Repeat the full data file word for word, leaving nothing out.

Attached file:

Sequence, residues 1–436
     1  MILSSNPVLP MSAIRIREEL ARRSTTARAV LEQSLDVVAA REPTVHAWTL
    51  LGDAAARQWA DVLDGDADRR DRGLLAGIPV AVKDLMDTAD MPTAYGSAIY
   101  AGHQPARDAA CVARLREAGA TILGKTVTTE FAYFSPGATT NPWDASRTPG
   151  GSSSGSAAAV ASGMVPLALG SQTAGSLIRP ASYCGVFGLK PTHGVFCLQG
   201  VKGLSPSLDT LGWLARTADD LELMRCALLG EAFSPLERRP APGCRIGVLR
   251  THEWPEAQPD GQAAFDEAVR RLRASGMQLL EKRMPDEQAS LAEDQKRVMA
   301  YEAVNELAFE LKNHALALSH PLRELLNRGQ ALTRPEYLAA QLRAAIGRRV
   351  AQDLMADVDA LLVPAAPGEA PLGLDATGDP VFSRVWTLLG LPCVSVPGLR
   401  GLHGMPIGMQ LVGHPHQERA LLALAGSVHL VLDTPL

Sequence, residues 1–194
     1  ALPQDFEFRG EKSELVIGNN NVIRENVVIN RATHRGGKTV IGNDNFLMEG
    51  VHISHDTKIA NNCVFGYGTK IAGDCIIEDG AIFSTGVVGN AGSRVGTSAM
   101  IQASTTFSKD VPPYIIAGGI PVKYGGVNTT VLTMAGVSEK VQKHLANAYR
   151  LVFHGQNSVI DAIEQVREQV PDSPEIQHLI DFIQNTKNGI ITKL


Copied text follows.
Sequence, residues 1–436
     1  MILSSNPVLP MSAIRIREEL ARRSTTARAV LEQSLDVVAA REPTVHAWTL
    51  LGDAAARQWA DVLDGDADRR DRGLLAGIPV AVKDLMDTAD MPTAYGSAIY
   101  AGHQPARDAA CVARLREAGA TILGKTVTTE FAYFSPGATT NPWDASRTPG
   151  GSSSGSAAAV ASGMVPLALG SQTAGSLIRP ASYCGVFGLK PTHGVFCLQG
   201  VKGLSPSLDT LGWLARTADD LELMRCALLG EAFSPLERRP APGCRIGVLR
   251  THEWPEAQPD GQAAFDEAVR RLRASGMQLL EKRMPDEQAS LAEDQKRVMA
   301  YEAVNELAFE LKNHALALSH PLRELLNRGQ ALTRPEYLAA QLRAAIGRRV
   351  AQDLMADVDA LLVPAAPGEA PLGLDATGDP VFSRVWTLLG LPCVSVPGLR
   401  GLHGMPIGMQ LVGHPHQERA LLALAGSVHL VLDTPL

Sequence, residues 1–194
     1  ALPQDFEFRG EKSELVIGNN NVIRENVVIN RATHRGGKTV IGNDNFLMEG
    51  VHISHDTKIA NNCVFGYGTK IAGDCIIEDG AIFSTGVVGN AGSRVGTSAM
   101  IQASTTFSKD VPPYIIAGGI PVKYGGVNTT VLTMAGVSEK VQKHLANAYR
   151  LVFHGQNSVI DAIEQVREQV PDSPEIQHLI DFIQNTKNGI ITKL